Swingin' Saturday: The Swing of Things, Chapter 14

Stormy Weather

Thankfully, Captain Anderson proved to be as anxious to confront the ambassador as his trumpet player. Kaidan got a reply while he was still assembling his meal.

Having a deadline settled his stomach further. By the time he’d finished eating he had begun to look forward to clearing the air. It almost doesn’t matter what Udina says, he thought. I’ll just be glad to be done with it.

The next morning dragged with routine problems and fixes. The green recruits under his training could tell their Lieutenant still hadn’t fully returned to them, though they assumed he still suffered from his migraine rather than simple distraction. He’d long ago earned enough respect to keep them on diligently on-task without his scrutiny, a fact for which he was thankful as he found his thoughts turning every five minutes to the afternoon’s confrontation.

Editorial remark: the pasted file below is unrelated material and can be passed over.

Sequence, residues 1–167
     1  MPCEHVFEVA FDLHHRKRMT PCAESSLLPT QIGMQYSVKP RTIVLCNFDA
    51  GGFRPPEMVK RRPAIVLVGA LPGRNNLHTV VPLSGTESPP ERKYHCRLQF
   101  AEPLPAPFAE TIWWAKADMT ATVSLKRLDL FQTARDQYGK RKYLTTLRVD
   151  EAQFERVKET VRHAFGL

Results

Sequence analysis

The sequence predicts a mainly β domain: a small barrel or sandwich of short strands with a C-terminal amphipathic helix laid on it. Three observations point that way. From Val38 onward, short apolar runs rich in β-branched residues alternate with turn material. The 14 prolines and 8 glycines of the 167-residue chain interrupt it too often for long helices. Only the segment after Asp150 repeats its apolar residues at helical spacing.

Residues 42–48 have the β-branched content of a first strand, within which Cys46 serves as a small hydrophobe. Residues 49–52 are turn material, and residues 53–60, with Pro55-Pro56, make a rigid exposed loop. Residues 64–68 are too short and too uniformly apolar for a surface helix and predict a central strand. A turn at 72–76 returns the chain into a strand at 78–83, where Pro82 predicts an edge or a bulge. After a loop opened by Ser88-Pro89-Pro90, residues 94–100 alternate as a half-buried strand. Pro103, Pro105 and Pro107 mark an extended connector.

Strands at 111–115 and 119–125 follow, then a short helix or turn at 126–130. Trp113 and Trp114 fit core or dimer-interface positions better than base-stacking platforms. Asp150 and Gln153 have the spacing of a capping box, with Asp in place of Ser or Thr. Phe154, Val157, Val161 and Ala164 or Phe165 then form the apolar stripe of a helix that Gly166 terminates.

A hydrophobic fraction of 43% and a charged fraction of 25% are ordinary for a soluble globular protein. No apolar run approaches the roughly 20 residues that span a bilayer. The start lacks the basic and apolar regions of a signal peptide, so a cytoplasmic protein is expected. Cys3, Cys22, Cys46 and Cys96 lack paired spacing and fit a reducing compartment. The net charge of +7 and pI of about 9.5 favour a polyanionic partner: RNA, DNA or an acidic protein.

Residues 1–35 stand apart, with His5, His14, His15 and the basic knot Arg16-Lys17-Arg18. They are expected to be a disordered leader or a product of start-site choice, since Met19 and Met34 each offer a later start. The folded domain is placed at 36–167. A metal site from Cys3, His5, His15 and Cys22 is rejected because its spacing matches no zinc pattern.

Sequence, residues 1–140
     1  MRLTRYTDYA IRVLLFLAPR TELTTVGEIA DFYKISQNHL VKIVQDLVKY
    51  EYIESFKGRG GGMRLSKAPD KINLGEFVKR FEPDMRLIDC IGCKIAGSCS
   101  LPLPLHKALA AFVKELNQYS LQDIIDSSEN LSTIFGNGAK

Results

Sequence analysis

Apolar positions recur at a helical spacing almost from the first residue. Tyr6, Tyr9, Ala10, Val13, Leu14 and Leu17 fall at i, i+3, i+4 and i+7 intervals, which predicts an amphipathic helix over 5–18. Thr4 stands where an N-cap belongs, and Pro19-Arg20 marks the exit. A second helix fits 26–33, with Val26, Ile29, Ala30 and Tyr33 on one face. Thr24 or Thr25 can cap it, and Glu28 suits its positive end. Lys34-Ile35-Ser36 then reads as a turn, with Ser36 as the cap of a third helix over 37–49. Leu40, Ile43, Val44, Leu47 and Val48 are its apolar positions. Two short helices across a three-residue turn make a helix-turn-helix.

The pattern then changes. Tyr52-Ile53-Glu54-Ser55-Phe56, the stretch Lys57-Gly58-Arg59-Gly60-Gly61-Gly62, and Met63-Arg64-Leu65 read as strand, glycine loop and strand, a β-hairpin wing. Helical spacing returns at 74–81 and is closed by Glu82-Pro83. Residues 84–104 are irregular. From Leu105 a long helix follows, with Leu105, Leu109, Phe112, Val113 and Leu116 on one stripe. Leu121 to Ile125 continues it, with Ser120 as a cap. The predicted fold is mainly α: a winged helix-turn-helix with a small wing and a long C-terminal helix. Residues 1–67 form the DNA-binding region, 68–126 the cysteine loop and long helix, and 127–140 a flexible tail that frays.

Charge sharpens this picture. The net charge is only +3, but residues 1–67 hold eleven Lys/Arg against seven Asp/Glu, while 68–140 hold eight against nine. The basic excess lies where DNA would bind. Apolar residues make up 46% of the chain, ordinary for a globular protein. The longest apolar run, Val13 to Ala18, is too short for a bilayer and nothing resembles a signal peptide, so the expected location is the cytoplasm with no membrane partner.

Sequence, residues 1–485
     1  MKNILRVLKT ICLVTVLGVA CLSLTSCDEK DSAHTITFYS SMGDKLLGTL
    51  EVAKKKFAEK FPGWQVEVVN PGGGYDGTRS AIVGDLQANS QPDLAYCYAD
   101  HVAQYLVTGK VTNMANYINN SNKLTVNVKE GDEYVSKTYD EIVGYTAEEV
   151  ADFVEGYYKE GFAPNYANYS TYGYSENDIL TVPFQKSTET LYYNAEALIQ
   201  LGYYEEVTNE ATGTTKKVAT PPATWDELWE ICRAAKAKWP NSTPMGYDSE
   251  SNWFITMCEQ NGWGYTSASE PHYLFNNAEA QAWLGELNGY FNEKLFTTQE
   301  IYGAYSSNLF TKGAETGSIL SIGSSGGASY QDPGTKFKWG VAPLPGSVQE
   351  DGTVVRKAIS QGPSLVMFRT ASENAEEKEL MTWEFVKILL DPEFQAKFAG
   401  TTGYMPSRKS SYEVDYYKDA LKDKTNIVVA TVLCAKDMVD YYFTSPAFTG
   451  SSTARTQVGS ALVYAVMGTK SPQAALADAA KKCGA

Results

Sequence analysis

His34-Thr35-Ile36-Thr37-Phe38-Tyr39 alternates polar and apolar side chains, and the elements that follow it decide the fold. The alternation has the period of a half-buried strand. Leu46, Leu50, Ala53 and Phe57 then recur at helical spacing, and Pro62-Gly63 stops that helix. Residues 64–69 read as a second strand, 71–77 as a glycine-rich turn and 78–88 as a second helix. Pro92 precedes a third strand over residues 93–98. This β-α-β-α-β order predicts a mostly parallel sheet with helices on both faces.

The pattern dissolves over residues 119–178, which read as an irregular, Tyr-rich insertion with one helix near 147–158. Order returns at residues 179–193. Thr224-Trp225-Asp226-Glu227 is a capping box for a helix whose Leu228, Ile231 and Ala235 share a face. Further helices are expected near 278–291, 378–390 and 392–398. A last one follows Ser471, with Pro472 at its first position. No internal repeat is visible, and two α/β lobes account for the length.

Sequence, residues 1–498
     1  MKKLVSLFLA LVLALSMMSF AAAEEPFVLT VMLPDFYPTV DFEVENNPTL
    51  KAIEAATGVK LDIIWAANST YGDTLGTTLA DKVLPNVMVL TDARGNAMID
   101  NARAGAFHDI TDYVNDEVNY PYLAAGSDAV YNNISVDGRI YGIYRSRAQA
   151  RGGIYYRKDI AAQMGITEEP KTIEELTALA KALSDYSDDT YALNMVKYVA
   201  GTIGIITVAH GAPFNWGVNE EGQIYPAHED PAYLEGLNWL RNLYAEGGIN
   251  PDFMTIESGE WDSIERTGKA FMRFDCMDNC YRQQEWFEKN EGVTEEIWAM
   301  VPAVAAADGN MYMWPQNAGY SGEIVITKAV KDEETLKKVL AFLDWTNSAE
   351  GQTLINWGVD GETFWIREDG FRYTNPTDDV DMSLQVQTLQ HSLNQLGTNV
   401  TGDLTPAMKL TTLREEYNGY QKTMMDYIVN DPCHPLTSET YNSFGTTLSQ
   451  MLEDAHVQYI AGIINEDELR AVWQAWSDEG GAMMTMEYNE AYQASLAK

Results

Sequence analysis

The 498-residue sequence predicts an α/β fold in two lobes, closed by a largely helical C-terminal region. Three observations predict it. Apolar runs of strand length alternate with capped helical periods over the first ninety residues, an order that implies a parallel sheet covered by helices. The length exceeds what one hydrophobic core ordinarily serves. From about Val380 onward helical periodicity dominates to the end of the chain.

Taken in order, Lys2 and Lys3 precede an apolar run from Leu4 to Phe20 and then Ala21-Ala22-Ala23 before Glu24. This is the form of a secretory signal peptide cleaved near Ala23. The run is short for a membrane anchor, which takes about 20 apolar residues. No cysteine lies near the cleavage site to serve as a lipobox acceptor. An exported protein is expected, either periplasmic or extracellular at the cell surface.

Transmutation, Chapter 11

Rallying the Troops

In many places Cullen found no Templars at all, though the slaughter was just as bad. Most of the corridors remained empty but Fade creatures had sprung up all through the tower. In some rooms he found mages who had fought against them and died for their pains. Relief at seeing how many of them had resisted this plot which had spun so quickly out of control cut through the grief of seeing the loyal mages sprawled, lifeless and bloodied, in their own quarters.

Every few rooms presented yet another tableau that fueled Cullen’s anger and determination. The appalling waste of life and the proof that the Chantry had been right all along pushed him through his desolation. He used his every reserve to keep moving. Once he’d investigated each room on the periphery he headed to the open central area, one used on each level for a different purpose. The one he hesitated outside held the storerooms, manned by Tranquil who could not be possessed because they had no connection to the Fade.

Cullen stood with one hand on the door, awkwardly holding his sword in his shield hand rather than sheathe the weapon. He reminded himself that any tactician would want to secure the potions and tools contained within so he should expect the worst.

BioWare’s New IP—Under Development and Under Wraps

David Gaider announced that, after a decade of wringing fan’s tears from them, he’s leaving the Dragon Age team to write for the new BioWare IP. Whatever it is, I’m now dancing with delight that Gaider’s delicious brand of snarky evil will be a part of it.